A quick aside before I get to the topic at hand: It’s cold, y’all. I’m aware that the majority of the country is facing unprecedented low temperatures this week, so it’s not like I’m telling you something you don’t already know, but just damn. As I sit typing this, it’s -14° outside with a wind chill of -24°. Even though I’ve lived in the Midwest over a decade, I’m a born-and-bred Southern Californian, I’m not equipped to handle weather this cold! But seriously, if your teeth are chattering too, hang in there.
A while back I had an idea. I either woke up with it, or had it as I was falling asleep, I can’t remember which. But as soon as it struck me, I thought “Wow, that’s either really good or total garbage.” I was consumed with this idea for at least two weeks, researching it, thinking it through, the like. It’s now sitting on deck as my next new rough draft once I finish edits on my novel (which I’m hoping to be in the next week or two, finally!). Still, there’s a chance it’ll be a stinker. So you can imagine how much encouragement I found in the following exchange between two writers on Twitter:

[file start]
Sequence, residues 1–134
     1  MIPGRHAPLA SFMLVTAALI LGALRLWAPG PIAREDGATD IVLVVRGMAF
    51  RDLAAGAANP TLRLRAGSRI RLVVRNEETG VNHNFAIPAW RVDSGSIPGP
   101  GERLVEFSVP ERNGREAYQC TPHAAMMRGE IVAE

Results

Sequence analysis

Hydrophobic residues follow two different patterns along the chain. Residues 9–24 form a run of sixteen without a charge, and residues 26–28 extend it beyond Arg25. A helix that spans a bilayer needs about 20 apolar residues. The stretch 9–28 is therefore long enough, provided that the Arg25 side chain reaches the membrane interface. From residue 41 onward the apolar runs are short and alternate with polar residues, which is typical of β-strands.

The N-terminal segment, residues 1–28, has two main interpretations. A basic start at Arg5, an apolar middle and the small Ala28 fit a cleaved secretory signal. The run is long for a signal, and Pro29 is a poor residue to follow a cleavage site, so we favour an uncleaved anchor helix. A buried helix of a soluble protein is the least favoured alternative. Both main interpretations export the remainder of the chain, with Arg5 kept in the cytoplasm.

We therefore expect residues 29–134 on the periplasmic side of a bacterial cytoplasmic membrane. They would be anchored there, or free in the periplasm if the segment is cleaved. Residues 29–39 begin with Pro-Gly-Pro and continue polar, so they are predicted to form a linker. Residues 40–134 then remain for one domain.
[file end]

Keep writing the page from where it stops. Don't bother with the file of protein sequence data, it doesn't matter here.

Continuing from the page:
I’ve had some wild ideas before, or at least I thought they were wild, but when you’re gaining your footing as a writer and building your confidence, sometimes it’s hard to know what’s good and what’s not. But now I’ve been writing for longer than I care to admit, and I feel like I know a good idea when I hear it. So when I thought of this story, I thought maybe I had fallen off the deep end (seriously, this idea will prove me to be either a genius or an idiot). Seeing that more established authors have the same doubts was pretty comforting.
So that got me to wondering: how many of you have had ideas like that? Where you wonder if it’s worth pursuing, but if it is, it could be amazing? Have you ever disregarded an idea because you thought it was just too ridiculous? If so, what was it? One thing I’ve learned is that there’s a crowd out there for pretty much everything. If an idea strikes me and I can’t stop thinking about it (as was the case with this new Great Idea), I have to pursue it or it will eat at me from the inside. And without getting off on a tangent, I’m already making up for lost time as it is, I’m not going to worry too much about silly little things like “what if no one reads it?”. To quote Frank Reynolds from It’s Always Sunny in Philadelphia, “I don’t know how many years on this Earth I got left. I’m gonna get real weird with it.”